What we have is a continuation of the Jagdeo presidency
JANUARY 8, 2012 | BY KNEWS | FILED UNDER LETTERS
New administrations are like new years; a time for change, a time for getting rid of the old and ushering in the new.
A new government gives the new chief executive an opportunity to appoint a new team, stamping his own personal imprint on the way forward.
It has been over one month since the Ramotar led PPPC government has been in office, and apart from the new Drum Major, the same old band of Jagdeoites keep marching on.
Recently, some have been quick to heap praise on the new President for meeting with the opposition, reinstating a right (that should have never been denied) to a journalist, sending Henry Greene on leave, and appointing a few Guyanese of African heritage to the Diplomatic Corps.
In the Deep South (USA) there is an old saying; “putting lipstick on a pig, don’t make it a lady”. I agree that some small cosmetic peripheral signals have been sent by this administration, but any objective observer has to admit that at its core, the personnel and political culture is still unchanged, and what we have is a continuation of the Jagdeo presidency.
Anyone who followed last year’s election knew that it was a referendum on the Jagdeo presidency; corruption and nepotism within the halls of power. On November 28th 2011, the Guyanese people soundly rejected Jagdeoism and gave the opposition a parliamentary mandate to effect change on their behalf.
One would have expected that in light of the results of the elections that Donald Ramotar would have chosen to go in a new direction with his own team, setting new standards and sending a signal to the people that he had heard them. Instead what we are stuck with is the same mediocrity that garnered a vote of no confidence by the people.
One month ago on the 6th December 2011 several APNU demonstrators were shot by police while engaging in a peaceful march. To date there has been no inquiry into this matter and the nation is still awaiting word from the Ministry of Home Affairs and/ or the Office of the President.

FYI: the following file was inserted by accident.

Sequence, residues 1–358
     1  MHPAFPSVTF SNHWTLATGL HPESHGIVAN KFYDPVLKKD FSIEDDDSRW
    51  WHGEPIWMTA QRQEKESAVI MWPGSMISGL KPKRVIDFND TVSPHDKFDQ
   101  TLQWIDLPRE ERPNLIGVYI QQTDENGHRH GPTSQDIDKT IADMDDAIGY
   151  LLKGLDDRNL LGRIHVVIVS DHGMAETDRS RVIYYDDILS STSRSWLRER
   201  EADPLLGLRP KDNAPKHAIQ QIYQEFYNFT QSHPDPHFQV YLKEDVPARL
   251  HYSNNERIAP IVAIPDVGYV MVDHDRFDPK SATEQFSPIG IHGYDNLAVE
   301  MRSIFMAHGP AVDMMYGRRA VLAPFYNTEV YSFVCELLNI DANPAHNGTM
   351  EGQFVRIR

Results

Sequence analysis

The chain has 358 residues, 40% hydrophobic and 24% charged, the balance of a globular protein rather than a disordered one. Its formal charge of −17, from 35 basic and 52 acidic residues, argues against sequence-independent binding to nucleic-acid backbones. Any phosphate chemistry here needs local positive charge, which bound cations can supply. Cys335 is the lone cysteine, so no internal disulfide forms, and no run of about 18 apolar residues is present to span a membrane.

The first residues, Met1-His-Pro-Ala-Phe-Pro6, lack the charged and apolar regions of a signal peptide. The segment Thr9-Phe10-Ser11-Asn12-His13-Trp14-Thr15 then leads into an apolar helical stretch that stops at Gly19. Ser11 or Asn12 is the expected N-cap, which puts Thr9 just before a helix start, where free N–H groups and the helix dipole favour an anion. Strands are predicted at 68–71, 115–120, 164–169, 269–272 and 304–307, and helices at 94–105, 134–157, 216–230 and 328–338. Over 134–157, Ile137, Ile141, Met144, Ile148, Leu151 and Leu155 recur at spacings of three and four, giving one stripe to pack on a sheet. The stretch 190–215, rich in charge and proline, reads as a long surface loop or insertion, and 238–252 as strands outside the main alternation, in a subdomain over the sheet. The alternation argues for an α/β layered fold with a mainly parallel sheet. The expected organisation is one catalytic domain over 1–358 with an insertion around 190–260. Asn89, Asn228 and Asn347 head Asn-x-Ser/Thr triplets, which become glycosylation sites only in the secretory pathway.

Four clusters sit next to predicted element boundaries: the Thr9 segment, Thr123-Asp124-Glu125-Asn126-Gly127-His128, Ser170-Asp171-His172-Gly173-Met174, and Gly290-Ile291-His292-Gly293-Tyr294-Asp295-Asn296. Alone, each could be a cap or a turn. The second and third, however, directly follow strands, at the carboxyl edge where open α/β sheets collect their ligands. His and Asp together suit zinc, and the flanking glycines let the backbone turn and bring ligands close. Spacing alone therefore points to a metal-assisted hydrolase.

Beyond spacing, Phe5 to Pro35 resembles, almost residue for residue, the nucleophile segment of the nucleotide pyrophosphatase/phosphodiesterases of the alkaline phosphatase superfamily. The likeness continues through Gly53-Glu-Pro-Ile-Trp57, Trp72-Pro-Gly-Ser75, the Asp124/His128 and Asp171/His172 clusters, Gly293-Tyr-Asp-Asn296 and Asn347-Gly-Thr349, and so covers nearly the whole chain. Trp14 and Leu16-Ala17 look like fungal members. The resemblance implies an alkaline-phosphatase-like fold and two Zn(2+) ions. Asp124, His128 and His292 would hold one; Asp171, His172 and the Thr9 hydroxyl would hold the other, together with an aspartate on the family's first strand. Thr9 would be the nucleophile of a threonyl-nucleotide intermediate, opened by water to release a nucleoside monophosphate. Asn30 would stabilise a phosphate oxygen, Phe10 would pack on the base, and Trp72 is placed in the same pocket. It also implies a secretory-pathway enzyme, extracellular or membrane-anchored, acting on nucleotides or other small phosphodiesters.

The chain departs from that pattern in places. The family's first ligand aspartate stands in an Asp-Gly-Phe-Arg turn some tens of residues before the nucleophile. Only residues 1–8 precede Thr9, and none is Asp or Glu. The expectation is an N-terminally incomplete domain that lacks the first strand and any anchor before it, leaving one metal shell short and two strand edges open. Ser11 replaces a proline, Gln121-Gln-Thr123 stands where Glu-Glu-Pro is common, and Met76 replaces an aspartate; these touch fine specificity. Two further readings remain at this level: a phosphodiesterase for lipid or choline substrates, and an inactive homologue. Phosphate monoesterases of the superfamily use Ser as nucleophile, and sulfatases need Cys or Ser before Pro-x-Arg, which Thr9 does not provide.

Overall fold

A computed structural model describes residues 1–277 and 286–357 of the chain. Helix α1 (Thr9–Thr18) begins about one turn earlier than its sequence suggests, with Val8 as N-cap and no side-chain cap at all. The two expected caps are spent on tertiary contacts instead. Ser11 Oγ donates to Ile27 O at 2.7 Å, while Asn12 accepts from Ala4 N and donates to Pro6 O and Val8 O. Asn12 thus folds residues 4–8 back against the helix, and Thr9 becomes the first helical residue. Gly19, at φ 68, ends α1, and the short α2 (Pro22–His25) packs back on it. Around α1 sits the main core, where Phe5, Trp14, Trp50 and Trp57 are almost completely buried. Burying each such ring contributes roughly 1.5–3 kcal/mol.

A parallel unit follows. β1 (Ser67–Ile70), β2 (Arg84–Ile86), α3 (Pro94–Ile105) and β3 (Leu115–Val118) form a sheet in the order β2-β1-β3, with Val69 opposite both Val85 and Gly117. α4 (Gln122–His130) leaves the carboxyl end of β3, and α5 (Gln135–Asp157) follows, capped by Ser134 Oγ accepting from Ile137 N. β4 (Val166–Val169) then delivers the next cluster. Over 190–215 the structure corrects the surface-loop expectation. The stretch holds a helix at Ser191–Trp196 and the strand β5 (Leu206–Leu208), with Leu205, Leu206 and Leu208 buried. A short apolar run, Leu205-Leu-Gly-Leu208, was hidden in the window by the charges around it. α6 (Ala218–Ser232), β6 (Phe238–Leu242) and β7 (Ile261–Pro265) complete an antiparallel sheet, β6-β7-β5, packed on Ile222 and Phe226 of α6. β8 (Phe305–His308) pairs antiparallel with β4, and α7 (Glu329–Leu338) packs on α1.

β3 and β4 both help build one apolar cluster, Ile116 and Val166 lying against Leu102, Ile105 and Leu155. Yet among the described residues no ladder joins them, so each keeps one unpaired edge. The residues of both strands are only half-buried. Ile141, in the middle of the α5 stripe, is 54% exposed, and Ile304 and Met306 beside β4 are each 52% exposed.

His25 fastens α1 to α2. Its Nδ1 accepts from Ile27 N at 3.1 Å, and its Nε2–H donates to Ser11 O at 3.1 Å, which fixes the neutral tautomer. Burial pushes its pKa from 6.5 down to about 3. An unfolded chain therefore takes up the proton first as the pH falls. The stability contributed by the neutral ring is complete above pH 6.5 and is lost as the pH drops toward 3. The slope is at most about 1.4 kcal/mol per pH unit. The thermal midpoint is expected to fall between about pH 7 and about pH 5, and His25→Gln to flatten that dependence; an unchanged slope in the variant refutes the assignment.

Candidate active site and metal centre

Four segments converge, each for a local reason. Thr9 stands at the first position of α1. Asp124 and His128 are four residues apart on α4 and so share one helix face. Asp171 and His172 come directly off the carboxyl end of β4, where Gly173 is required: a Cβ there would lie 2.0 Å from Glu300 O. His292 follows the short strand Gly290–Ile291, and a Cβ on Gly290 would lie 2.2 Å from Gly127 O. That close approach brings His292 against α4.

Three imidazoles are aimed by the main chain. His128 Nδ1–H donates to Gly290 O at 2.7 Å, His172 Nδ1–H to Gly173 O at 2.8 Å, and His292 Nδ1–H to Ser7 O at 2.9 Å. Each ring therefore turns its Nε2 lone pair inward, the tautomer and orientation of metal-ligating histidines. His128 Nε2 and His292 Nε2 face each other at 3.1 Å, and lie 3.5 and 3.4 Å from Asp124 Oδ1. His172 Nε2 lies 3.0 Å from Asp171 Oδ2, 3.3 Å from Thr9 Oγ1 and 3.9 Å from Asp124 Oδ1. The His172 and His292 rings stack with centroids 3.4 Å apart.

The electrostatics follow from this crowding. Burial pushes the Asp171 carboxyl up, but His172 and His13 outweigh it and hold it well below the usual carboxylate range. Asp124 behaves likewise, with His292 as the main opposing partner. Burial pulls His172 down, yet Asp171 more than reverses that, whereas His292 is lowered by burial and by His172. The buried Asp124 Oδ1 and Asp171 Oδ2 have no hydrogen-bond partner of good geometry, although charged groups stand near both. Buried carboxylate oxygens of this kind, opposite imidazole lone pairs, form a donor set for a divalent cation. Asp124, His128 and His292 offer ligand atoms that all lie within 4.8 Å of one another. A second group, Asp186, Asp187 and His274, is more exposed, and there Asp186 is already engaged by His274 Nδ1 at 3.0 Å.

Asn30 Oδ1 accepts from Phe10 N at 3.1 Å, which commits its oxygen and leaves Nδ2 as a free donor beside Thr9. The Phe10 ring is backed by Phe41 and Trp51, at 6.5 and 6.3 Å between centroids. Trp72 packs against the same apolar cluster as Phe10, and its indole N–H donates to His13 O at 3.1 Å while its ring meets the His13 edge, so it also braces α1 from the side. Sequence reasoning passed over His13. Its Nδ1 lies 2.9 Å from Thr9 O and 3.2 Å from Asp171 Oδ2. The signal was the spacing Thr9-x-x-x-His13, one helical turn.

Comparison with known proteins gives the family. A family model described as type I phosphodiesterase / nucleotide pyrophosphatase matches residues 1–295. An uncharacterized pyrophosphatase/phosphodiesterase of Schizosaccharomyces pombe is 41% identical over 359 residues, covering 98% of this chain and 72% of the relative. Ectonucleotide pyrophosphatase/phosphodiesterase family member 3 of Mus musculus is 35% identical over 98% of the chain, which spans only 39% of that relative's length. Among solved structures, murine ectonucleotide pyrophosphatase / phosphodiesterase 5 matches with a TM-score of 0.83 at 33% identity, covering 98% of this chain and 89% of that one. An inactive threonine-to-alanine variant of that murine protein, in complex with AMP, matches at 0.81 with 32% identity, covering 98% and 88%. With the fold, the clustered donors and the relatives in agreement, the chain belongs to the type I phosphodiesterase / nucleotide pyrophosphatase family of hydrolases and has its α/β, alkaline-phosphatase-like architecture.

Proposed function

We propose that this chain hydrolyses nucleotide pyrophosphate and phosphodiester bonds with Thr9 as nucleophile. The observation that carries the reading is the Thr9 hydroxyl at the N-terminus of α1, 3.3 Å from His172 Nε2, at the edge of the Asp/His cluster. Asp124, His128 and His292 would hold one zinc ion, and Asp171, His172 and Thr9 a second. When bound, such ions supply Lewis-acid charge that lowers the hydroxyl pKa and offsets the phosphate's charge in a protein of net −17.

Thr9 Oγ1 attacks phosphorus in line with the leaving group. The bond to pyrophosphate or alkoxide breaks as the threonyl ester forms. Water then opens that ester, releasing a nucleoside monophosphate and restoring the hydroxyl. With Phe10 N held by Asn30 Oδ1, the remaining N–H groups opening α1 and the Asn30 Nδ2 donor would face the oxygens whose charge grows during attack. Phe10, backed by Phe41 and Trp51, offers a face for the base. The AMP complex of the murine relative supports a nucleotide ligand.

Given the Jagdeo template that is being used by President Ramotar, I am sure that the victims of this police brutality like the 400 plus killed during the troubles, will receive no justice. We have a Police Commissioner in Henry Greene who is once again embroiled in scandal, Greene is way past the retirement age, and many would say he is like a product that has past it’s “sell by” date.
This was a perfect opportunity for the President to send Greene into retirement appointing his own Commissioner, but instead Greene is allowed to proceed on leave with the possibility of returning to the force after investigations are completed. Clement Rohee, Robert Persaud, Ifran Ally, Leslie Ramsammy, Roger Luncheon, Kwame McCoy, Odinga Lumumba, these are all Jagdeo’s men, all of them with checkered reputations, all extremely polarizing figures who created much of the negative attacks that were hurled at the PPPC on the campaign trail. Yet Mr. Ramotar chose to retain these men, even elevating Robert Persuad to a Mega-Ministerial portfolio (in effect rewarding the architect of the PPPC’s failure to win a parliamentary majority at the polls).
Leslie Ramsammy is a man who is yet to account for his association with imprisoned Drug King Pin Roger Khan, but he is retained and given a new portfolio. Juan Edgehill a controversial commission chair and another man with close ties to Jagdeo and a less than stellar reputation has been appointed a Minster in the ministry of finance.
Mr. Editor I mention these things because the signs I see are troubling and not encouraging. The president’s failure to address the shooting of citizens is troubling to me. The Home Affairs Minister’s failure to ensure that at least a police board of inquiry was convened to examine police policy and procedure and make sure that ranks acted within the letter of the law, is troubling to me.
Having Mc Coy, Lumumba and Luncheon still stalking the corridors of power at the Office of the President, All of these men were extremely controversial figures in the Jagdeo regime and their retention should be troubling to all Guyanese.
Are we to believe that the pool of talent in the PPPC is so shallow that Ramotar is stuck with the Jagdeoites? Guyanese voted for change on November 28th, they voted overwhelmingly for a reversal of the old way of doing business, they expected to see a new team on the field fighting for them.
One can only hope that the new president will slowly retire the Jagdeo team and usher in the Ramotar era. Failing to do so will be like putting more lipstick on the pig; it will never be a lady.